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In Glasgow, Scotland, COP26 has kicked off, and it is the first time countries will meet after the UN’s International Panel on Climate Change released a new report highlighting the need for climate action at a huge scale. We’re currently off-track to meet the goals of the Paris Agreement and as an 18-year-old, my future is at risk. Parts of the Amazon in my home country of Brazil are now emitting more carbon than the rainforest can absorb, a tipping point that is the result of decades of climate inaction.

World leaders need to move climate solutions forward, and quickly. As the UN Intergovernmental Panel on Climate Change finds, carbon dioxide removal (CDR) is an important pathway to address past emissions by removing carbon pollution from the atmosphere. In the process, carbon removal can also boost economies around the world and help stop the worst impacts of climate change for my generation and the ones that will come after me. But countries like Brazil, which have not emitted nearly as much carbon as developed countries like the U.S., should not have to carry the burden of cleaning up this historic mess.

As one of the world’s largest emitters in history, the U.S. has an obligation to limit future climate pollution, but also to address the legacy climate pollution that it has spewed into the atmosphere since the 1800s. During the transition from fossil fuels to clean energy, additional U.S. investments in carbon removal will reduce the risk faced by countries most vulnerable to the impacts of climate change, in the Global South and beyond.

It is unfair to ask developing countries to shoulder the impacts of extreme weather and rising seas from a problem triggered by high-emitting countries whose industries have grown wealthy burning the fossil fuels polluting our climate. Further, it is unfair to ask countries like Brazil to lead CDR alone. The Amazon continues to be the lungs of our planet, and preserving the rainforest is the most important solution we have. But counting too much on nature-based solutions requires massive amounts of land and risks leading to land grabs. CDR is necessary for us to have a safe planet, but leaning too much on nature-based solutions risks becoming a threat to my Indigenous land in Brazil.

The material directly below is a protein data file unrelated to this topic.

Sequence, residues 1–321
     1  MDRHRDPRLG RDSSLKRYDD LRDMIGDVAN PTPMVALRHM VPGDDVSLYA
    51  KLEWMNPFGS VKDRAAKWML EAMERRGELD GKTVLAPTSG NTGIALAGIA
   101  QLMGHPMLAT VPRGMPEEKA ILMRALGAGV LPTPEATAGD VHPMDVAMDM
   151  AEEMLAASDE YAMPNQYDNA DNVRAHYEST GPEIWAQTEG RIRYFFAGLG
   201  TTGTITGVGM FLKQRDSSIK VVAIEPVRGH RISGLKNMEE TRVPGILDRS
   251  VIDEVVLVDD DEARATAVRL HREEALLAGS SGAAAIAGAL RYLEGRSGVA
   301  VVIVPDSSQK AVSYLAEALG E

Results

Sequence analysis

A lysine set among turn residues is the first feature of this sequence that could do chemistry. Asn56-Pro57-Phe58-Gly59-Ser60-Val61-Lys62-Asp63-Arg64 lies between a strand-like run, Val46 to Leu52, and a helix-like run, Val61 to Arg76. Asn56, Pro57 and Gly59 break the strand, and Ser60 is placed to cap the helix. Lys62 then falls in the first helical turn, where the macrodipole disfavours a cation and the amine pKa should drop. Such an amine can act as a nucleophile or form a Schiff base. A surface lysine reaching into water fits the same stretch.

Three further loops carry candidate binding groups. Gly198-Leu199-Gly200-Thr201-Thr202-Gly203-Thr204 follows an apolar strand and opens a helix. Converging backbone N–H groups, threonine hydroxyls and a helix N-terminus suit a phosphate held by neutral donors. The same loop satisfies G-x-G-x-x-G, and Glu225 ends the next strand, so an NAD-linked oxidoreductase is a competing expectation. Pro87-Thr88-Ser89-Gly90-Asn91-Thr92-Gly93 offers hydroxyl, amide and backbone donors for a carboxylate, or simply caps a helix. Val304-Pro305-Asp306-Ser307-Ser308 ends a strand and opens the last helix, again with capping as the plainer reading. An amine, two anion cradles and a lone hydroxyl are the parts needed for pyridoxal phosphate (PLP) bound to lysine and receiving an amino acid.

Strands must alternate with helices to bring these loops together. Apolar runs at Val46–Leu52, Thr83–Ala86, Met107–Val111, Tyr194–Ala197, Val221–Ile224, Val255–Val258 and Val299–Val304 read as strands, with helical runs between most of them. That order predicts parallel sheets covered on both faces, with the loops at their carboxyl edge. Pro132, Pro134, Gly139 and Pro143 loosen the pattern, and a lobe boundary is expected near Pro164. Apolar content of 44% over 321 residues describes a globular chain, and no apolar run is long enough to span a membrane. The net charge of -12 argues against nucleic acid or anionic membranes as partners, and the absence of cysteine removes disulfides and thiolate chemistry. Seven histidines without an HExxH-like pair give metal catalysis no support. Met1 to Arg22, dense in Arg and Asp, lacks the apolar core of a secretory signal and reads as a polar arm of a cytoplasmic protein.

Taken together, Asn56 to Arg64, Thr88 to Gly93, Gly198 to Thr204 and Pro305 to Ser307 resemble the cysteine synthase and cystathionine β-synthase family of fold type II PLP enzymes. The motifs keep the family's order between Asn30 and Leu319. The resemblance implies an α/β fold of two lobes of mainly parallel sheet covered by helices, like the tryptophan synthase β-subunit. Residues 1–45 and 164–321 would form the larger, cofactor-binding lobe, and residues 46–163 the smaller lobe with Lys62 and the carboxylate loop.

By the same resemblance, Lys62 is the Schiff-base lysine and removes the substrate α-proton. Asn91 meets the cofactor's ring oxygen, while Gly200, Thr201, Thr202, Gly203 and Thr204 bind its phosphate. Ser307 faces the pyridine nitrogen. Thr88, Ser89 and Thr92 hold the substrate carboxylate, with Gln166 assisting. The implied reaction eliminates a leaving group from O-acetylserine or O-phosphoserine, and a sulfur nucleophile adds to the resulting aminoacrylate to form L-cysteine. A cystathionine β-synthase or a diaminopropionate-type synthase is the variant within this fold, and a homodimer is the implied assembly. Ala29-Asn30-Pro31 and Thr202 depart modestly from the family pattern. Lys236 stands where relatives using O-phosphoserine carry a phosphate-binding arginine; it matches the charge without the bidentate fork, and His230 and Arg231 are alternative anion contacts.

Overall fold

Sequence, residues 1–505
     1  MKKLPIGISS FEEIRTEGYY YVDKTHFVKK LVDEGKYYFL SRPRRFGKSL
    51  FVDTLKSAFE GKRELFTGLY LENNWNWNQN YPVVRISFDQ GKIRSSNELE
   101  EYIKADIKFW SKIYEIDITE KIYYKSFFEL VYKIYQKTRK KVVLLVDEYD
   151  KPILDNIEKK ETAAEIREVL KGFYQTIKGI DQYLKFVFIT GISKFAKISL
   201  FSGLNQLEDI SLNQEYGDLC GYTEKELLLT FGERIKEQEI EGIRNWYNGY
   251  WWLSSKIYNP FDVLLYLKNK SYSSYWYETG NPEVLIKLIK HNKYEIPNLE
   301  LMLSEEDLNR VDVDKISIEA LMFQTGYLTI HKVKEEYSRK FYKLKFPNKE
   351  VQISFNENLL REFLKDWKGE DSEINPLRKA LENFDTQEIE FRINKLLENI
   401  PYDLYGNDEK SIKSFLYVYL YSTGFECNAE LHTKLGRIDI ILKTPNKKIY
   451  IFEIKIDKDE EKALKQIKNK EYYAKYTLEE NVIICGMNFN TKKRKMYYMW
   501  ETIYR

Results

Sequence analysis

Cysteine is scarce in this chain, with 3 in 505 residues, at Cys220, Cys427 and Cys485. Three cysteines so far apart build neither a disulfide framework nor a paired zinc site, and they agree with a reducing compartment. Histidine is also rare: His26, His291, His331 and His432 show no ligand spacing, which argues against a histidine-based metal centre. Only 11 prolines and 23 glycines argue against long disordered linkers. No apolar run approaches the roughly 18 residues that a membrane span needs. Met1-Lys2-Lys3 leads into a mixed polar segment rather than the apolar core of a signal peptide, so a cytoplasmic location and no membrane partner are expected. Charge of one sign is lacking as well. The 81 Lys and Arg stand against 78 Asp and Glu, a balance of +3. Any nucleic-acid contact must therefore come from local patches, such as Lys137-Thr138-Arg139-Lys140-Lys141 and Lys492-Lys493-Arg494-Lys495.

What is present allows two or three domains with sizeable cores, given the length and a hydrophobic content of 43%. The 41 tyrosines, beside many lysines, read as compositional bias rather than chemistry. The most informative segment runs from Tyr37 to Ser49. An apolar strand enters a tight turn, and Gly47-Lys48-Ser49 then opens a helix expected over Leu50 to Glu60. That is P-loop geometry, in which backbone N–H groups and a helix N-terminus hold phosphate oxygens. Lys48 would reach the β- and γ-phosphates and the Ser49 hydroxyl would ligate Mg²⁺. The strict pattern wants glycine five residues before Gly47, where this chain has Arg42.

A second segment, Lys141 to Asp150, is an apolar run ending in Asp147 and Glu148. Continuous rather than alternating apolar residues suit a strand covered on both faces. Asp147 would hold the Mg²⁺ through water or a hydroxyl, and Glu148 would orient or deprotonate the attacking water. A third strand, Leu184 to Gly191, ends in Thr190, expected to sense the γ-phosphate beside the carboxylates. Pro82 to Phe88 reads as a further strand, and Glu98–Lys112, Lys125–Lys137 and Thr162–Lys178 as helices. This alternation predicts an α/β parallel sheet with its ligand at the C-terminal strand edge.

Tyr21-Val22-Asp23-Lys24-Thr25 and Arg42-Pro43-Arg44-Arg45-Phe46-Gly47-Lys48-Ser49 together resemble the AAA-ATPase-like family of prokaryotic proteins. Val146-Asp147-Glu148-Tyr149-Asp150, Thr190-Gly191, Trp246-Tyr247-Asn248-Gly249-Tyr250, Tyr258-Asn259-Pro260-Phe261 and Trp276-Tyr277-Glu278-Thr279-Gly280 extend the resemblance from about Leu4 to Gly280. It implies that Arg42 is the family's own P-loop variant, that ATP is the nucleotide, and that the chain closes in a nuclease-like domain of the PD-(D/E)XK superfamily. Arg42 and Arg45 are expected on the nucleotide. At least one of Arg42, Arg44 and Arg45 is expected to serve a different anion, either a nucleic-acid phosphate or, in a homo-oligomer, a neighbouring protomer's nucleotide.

CDR methods like Direct Air Capture (DAC), which uses industrial vacuums to remove carbon from the atmosphere, is a promising climate solution because it requires small land areas and can remove significant amounts of carbon for an extended amount of time. But DAC is currently expensive and requires more government funding, research and scaling in order to grow from demonstration projects to widespread commercial use.

The U.S. has the financial resources and moral obligation to lead the way to help scale CDR solutions like DAC, which in turn can stabilize the climate, help future generations, and protect people and land in the Global South. The opening of the world’s largest DAC plant in Iceland highlights that CDR solutions are growing quickly. Additional investments and action on CDR from the U.S. and other developed countries are required to help this scaling happen even faster.

Carbon removal can help foster environmental justice by repaying the climate debt that the U.S. created through a century of unchecked fossil fuel pollution. As a paper in the Electricity Journal outlines, carbon removal investments in the U.S. should include an international justice perspective to ensure that countries that contributed the least to the climate crisis are not the most impacted. As the paper highlights, equity considerations of carbon removal also include intergenerational impacts of long-term climate change effects. Young people in Brazil and across the world must be able to live in a climate-safe future.

If done in conjunction with the necessary steps to get the world off its fossil fuel addiction, U.S. leadership in carbon removal can create jobs around the world while also reducing the risks of climate change. 

As COP26 takes place, we must remember that effective leadership on climate change includes not only looking forward to cutting emissions in the future but also cleaning up the carbon mess the U.S. has already made of the climate in the past.


Adri Maffioletti is an 18-year-old who lives in Porto Allegre, Brazil. She is from the Guarani Indigenous community and organizes for climate action with Fridays For Future Brazil.